It was the sort of snag that gives a team on the verge of a title the chills; the Red Bull water leaks weren't actually too costly but in two successive events there have been three of them - all during practice, but with the implicit threat of a race retirement.
Mark Webber's car sprung its leak at the end of first practice, Sebastian Vettel's at the beginning of the second for reasons the team isn't keen to discuss.
As Formula 1 took in its new Austin surroundings with awe and excitement, for the two title contending teams, the backdrop was next to irrelevant and those leaks were the most significant thing in their universe.
But a retirement would probably be the only way of stopping Vettel here; after missing 25 minutes of the session, he took precisely four laps to move the goal posts, lapping 0.7 seconds clear of the field.
The Red Bull development continued apace, the RB7 running here with a new rear wing. Ferrari ran with a new diffuser on Fernando Alonso's car and though the race pace was good, there was nothing to suggest the car's qualifying pace deficit has been wiped out.
Alonso's race pace looked better, as usual © XPB
With the usual provisos about not knowing the relative fuel loads, Red Bull, McLaren and Ferrari looked extremely evenly matched on the heavier-fuelled race simulation runs - though Ferrari did not do a properly long run with Alonso.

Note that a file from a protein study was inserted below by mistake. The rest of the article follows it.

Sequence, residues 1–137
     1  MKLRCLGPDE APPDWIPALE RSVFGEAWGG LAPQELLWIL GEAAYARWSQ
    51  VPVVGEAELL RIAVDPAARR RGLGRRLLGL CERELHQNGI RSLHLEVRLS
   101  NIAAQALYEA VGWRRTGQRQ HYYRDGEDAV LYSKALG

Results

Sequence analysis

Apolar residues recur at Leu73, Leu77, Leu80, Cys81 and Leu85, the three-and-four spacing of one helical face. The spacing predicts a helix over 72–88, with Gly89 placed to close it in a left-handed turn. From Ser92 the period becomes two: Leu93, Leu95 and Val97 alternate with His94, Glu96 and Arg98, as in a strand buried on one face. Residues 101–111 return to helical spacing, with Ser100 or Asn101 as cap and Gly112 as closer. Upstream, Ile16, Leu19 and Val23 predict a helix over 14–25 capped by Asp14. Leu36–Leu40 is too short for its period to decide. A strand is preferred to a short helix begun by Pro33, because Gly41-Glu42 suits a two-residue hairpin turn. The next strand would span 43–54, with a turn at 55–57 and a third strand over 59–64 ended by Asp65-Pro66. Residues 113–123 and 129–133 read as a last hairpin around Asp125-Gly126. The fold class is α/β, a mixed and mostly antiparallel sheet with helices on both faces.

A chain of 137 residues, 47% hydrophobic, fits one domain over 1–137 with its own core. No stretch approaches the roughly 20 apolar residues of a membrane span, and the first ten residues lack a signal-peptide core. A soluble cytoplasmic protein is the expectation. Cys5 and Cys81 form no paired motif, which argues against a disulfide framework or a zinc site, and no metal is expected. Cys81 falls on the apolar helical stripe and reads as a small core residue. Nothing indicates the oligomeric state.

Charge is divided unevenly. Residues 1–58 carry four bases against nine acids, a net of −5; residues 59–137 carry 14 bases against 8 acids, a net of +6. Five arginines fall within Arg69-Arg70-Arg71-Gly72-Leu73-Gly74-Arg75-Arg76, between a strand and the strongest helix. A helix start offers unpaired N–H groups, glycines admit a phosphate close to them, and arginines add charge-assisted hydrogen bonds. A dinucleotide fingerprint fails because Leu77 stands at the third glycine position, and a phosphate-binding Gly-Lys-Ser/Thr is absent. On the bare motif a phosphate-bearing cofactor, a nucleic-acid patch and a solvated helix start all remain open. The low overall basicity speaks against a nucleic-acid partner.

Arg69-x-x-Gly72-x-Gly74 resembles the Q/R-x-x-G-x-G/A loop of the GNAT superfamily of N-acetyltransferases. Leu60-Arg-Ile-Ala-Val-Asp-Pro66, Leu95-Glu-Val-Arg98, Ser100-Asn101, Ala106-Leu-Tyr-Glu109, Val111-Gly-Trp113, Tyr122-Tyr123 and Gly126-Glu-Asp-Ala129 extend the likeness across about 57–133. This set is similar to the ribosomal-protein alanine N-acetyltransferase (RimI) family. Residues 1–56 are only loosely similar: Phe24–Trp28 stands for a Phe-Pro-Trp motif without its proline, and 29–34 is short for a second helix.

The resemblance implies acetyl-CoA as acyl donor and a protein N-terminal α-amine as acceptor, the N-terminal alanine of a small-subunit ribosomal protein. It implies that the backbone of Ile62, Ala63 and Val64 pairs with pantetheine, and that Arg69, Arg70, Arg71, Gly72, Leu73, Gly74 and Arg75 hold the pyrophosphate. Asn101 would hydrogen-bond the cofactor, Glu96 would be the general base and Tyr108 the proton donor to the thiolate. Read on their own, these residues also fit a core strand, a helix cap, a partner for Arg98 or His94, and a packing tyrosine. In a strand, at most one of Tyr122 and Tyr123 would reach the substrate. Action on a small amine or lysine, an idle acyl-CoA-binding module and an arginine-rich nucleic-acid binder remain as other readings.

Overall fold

For the fourth race in succession, the smooth Tarmac combined with a conservative tyre choice looks set to make for a strategically simple one-stop race.
"There's virtually no degradation," admitted Pirelli's Paul Hembery, "and only a little bit of wear. With hindsight we have been conservative.
"We had to make this choice two months ago when there was still some uncertainty about what the surface would be - and we were expecting temperatures around 15-deg C higher than what we have. We could actually have run a soft/super-soft combination at this and each of the three previous races."
But even beyond strategy, the prospects for a thriller of a race unfortunately do not look great. Fantastic driving challenge though the Austin circuit is, overtaking is going to be difficult.
"I can't honestly see there's going to be much at all," said Jenson Button on the question of passing. "The corners onto the straights are too slow - the cars are very accelerative at such low speeds and you can only get on the power in reaction to the guy ahead and that makes it very difficult to get close enough. You really need medium speed corners onto the straights."
So, no strategy variation and no overtaking: qualifying takes on an even greater importance than ever - and in qualifying it is difficult indeed to look past Red Bull.
Button is predicting no overtaking © XPB
Logically, from there it's difficult to look past a Vettel victory also. Unless, of course he were to suffer another leak... If Vettel wins, the question then becomes can Alonso finish fourth or higher - in order to keep the title fight open going into the much less predictable final venue of Interlagos next week?
The prospects for that must be excellent, given that it's difficult to see him being beaten by both McLarens, especially given their recent reliability. Any other potential Ferrari-beaters that could ensure Vettel's title?
The Lotus team ran a very different programme to the top three with regard to fuel loads, so it's not impossible there could be a Kimi Raikkonen blockage to Ferrari's title hopes - which would have a certain irony given their history together and the manner of Kimi's departure to make way for Alonso.
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